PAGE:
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Vet argues against Ohio pit bull measure

Dec. 14, 2011 at 9:47 PM

COLUMBUS, Ohio, Dec. 14 (UPI) -- An Ohio veterinarian testifying in a hearing on restrictions on pit bulls said she was more worried about being bitten by a Dachshund than a pit bull.

Dr. Linda Lord, appearing before a state Senate committee, testified on behalf of 2,400 veterinarians and 300 student members of the Ohio Veterinary Medical Association, urging lawmakers to shut down Ohio's restrictions against "pit bulls," the Toledo Blade reported Wednesday.

"The effective control of vicious animals is in the best interest of the state. However, current law placing restrictions on one specific type of dog is contrary to actually addressing the problem of aggressive canine behavior," Lord, president of the Ohio Veterinary Medical Association, said. "From a veterinary medicine standpoint, the most effective animal-control laws focus on responsible and humane animal ownership and the actions of the animal. Placing arbitrary limitations on the ownership of a specific type of dog only serves to create a stigma and place undue burdens on responsible animal owners."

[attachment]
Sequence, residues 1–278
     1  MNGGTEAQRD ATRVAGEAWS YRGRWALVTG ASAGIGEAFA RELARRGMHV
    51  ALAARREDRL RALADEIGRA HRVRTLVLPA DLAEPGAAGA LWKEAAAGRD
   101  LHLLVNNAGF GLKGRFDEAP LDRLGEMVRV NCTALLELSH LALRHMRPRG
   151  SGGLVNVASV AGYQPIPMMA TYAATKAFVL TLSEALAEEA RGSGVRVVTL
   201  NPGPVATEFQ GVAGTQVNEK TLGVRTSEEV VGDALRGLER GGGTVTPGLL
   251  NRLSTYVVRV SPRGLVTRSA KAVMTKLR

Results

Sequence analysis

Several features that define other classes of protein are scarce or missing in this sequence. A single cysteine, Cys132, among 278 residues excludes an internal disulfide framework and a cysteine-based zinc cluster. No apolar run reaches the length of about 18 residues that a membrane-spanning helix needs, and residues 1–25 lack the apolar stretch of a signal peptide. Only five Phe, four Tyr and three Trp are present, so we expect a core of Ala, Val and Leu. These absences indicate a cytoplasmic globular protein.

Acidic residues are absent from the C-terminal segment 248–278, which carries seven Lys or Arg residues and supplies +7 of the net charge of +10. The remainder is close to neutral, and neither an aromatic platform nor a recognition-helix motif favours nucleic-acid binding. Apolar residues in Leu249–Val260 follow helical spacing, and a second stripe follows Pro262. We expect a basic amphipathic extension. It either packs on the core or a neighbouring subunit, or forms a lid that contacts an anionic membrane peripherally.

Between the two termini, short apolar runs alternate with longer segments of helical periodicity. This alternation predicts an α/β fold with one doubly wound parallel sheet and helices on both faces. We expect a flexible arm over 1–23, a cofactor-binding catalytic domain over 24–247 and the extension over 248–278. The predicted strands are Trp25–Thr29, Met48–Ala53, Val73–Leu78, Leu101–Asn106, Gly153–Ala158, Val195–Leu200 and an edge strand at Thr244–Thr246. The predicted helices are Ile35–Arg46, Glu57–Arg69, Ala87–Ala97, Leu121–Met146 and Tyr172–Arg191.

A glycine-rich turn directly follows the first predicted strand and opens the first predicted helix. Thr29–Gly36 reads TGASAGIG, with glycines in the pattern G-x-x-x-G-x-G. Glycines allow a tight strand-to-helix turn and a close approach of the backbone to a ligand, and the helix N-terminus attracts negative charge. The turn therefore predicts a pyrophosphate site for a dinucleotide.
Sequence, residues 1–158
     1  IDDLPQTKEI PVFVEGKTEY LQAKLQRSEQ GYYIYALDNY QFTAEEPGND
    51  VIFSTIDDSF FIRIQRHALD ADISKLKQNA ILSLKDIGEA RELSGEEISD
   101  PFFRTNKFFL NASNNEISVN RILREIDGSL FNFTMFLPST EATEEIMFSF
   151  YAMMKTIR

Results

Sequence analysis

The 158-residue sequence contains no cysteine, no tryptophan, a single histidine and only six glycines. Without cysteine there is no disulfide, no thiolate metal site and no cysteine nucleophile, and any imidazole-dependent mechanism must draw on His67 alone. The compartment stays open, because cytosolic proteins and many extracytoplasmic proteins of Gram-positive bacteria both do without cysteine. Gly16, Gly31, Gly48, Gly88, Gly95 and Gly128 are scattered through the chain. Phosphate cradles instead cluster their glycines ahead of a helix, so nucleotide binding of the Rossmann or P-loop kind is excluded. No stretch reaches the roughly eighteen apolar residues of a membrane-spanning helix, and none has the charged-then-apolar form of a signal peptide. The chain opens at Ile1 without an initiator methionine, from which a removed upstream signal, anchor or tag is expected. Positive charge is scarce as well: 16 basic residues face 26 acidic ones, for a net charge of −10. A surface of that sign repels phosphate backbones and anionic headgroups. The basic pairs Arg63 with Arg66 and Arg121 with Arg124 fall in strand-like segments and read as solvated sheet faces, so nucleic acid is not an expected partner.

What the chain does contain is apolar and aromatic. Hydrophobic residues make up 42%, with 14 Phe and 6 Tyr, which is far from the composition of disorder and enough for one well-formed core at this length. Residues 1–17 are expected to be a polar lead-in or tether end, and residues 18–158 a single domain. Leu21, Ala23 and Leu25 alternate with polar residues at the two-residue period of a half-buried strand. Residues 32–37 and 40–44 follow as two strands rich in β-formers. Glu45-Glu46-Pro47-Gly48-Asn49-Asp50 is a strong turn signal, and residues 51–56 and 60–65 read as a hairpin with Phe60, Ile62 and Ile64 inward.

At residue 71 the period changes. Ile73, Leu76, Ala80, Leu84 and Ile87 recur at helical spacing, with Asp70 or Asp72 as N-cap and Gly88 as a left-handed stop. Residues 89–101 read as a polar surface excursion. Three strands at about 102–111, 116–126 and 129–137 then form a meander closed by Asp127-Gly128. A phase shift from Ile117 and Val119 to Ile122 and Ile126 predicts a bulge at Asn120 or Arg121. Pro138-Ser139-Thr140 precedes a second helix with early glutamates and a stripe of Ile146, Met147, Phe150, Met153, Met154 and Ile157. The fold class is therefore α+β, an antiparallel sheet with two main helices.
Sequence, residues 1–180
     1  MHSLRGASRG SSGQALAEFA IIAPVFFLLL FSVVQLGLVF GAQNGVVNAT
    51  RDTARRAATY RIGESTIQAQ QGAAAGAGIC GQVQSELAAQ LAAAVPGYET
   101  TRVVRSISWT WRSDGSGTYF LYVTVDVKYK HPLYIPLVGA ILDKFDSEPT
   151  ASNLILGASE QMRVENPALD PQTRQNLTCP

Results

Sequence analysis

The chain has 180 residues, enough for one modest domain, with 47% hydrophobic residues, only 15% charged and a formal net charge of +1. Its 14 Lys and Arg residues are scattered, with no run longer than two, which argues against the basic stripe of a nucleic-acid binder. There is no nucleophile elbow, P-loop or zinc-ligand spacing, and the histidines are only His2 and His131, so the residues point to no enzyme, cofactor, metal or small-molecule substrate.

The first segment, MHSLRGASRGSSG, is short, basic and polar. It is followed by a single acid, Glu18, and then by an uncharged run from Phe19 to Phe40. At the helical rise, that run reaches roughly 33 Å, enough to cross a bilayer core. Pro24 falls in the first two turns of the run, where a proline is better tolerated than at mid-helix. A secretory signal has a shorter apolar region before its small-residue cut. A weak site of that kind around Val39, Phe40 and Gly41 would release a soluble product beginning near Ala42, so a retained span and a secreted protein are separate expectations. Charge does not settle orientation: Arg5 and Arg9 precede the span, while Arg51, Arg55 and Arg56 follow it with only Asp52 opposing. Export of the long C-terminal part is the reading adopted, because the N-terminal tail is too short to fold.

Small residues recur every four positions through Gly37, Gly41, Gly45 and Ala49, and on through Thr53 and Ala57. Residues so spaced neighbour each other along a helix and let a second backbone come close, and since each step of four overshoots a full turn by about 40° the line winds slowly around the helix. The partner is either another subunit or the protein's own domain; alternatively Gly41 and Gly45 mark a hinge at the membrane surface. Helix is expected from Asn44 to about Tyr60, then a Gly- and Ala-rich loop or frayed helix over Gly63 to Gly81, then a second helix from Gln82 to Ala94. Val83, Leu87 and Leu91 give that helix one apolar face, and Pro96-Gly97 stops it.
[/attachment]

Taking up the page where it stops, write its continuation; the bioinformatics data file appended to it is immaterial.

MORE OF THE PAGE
Ohio has breed-specific language on the books specifying how owners of pit bulls must contain and control their animals, the newspaper said.

It categorizes a dog as "dangerous," "nuisance," and/or "vicious."

State Sen. Mark Wagoner, the committee chairman, has scheduled a committee vote for January on the bill.

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